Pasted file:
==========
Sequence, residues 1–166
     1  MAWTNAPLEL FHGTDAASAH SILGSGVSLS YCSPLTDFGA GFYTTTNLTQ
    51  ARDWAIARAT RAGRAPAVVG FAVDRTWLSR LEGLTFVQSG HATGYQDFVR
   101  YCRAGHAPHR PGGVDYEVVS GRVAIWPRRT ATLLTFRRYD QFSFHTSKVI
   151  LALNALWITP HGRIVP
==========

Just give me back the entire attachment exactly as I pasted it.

Sequence, residues 1–166
     1  MAWTNAPLEL FHGTDAASAH SILGSGVSLS YCSPLTDFGA GFYTTTNLTQ
    51  ARDWAIARAT RAGRAPAVVG FAVDRTWLSR LEGLTFVQSG HATGYQDFVR
   101  YCRAGHAPHR PGGVDYEVVS GRVAIWPRRT ATLLTFRRYD QFSFHTSKVI
   151  LALNALWITP HGRIVP